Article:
Honest reflections on being married to Sibelius and dating Dorico

After getting Dorico 3.5 (because Sibelius wasn’t making upgrading easy at the time :roll_eyes:), Sibelius decides to offer an ultimate perpetual license upgrade at a very decent price. :slightly_smiling_face: My work plays back better and there are some nice improvements in Sibelius. However, the license keeps being annoying. :roll_eyes: I understand that’s supposed to be changing along with Dorico’s. We’ll see.

Then there’s this cool plugin called Graphical MIDI Tools 2 (GMT2) for Sibelius that’s supposed to be something like Dorico’s Play mode. I may fork out the dough for GMT2, but if I can do it in Dorico, it’s just easier to import a Sibelius file through MusicXML and do it that way. But I’ve never really needed to because Sibelius has internal ways to play notes as one would like…most of the time.

I like the thinking underlying Dorico. My frustrations with Dorico lie in two places: note input and writing/engraving. Note input is probably still a problem for me because I’m so used to Sibelius. So that’s probably a matter of practice. I certainly hope so. But I haven’t found a way to adjust engraving or writing so that it’s not messy with staves running into each other and notes overlapping. I’m hoping that’s fixed in Dorico 4.

Dorico 3.5 is nice looking, and I love how one can switch between modes while it’s playing. I like Dorico’s included choir.

I think Sibelius and Dorico should just accept that it’s probably cheaper and certainly all around better (incomparably faster sound loading and playback) for their users if they were to ship their notation software with Arne Wallander’s NotePerformer 3 sounds instead of their sound sets and figure out how to make NotePerformer work even better together. No offense to Avid or Steinberg or HALion. You really gotta hand it to Arne. (Full disclosure: I don’t work for him nor even know him personally nor am I getting ANY benefit from acknowledging the genius of NotePerformer playback).

I end with one observation, a situation for which I am very grateful: Dorico’s development has been the best thing to happen to Sibelius users. The competition has made Dorico great and has pushed Sibelius to be better. (Hopefully, Sibelius will keep learning from Dorico and give up the subscription model altogether).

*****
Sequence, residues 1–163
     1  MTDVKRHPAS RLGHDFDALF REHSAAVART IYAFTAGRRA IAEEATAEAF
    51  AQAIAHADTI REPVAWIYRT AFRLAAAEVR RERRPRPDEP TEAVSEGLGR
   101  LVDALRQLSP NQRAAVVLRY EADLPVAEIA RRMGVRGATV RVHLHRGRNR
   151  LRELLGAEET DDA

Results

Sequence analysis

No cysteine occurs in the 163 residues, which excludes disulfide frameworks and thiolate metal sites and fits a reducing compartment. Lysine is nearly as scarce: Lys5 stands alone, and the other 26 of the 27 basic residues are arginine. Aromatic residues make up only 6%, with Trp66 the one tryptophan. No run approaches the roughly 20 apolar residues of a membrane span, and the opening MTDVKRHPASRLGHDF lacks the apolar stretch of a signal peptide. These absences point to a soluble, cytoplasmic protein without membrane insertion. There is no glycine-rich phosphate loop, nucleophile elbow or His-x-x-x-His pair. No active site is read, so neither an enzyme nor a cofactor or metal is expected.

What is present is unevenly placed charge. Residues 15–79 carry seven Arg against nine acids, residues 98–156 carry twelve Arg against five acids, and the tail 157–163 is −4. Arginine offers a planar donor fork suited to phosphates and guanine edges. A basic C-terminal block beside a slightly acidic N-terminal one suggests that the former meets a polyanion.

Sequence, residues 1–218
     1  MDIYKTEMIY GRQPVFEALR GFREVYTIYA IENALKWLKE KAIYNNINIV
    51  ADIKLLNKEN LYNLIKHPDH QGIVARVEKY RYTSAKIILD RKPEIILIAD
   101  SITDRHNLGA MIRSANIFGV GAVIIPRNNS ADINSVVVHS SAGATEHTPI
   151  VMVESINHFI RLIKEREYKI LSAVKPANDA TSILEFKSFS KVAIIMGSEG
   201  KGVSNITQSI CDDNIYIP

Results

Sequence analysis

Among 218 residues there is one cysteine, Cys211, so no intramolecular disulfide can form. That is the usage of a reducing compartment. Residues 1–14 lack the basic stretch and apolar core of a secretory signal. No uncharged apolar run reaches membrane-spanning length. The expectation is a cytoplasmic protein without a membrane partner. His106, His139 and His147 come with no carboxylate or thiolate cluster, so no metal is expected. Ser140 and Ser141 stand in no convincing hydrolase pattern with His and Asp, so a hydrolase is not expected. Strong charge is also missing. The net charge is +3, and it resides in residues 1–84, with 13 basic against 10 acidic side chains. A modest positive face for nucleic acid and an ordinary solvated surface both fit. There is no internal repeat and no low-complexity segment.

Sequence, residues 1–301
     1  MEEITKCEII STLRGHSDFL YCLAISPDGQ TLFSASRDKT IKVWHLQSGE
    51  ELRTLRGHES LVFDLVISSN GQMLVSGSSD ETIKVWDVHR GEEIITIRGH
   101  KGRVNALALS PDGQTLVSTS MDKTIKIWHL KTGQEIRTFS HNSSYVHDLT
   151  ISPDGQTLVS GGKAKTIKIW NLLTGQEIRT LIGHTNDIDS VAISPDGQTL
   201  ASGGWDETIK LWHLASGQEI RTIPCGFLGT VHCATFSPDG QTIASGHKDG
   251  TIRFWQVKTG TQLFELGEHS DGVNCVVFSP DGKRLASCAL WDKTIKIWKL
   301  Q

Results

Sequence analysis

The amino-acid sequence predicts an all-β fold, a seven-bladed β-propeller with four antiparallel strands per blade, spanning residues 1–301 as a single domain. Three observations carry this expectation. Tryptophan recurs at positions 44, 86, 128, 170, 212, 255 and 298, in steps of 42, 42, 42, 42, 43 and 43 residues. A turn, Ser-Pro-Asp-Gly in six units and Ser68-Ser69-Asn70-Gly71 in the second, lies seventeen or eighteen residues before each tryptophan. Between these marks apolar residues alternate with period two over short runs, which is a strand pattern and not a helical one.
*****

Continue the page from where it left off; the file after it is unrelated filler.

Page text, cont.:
Just my 3.5 cents. (Blame it on inflation. :slight_smile: )


I’m not sure there’s anything to fix here. Without even a screenshot I can only guess, but best guess is that your combination of staff size, paper size and number of instruments is mismatched. Sibelius can automatically reduce the staff size in a way that Dorico can’t, but it won’t suggest that you use a larger paper size so that your music is actually legible on the stand. In both programs you’re best off making that decision for yourself.


Following on from Leo’s comment, there are some great Discover Dorico sessions by John Barron that cover page formatting and staff spacing in depth, and they’re really informative about how Dorico approaches spacing etc and how to use it to get the result you want, using your own judgement and based on the context of the music etc.


I agree with Leo that we need to see what’s going wrong in your scores. Personally, one of the main attractions of Dorico for me is the effortless layout. The amount of manual adjustment I have to do is minimal.

While I agree that the inclusion of Noteperformer would be a bonus/selling point for users, it would not be cheaper for Dorico than using the in-house HALion library.

Certainly, competition is a good thing for the industry. However, while Dorico may have some gaps in its feature set compared to the long-established products, it also has many unique, time-saving features that the others lack.


It’s interesting that when it comes to notation software, for some reason it seems that people are more recalcitrant to switch platforms. In other software users will gleefully jump to a newer, better competitor. In software development we all constantly are using different IDE’s (Integrated Development Environments), and grab new tools if they work better. Same for 3D artists - 2D have gone to Procreate over Photoshop in droves, and while 3D is usually studio driven there’s been a steady influx from Max to Blender.

Anyhow while I like NotePerformer I don’t see any reason it should be included for free. It’s great for temps, but I happily use HALion iPad with it’s lower quality, or turn it all off and just hear it in my head like the old days.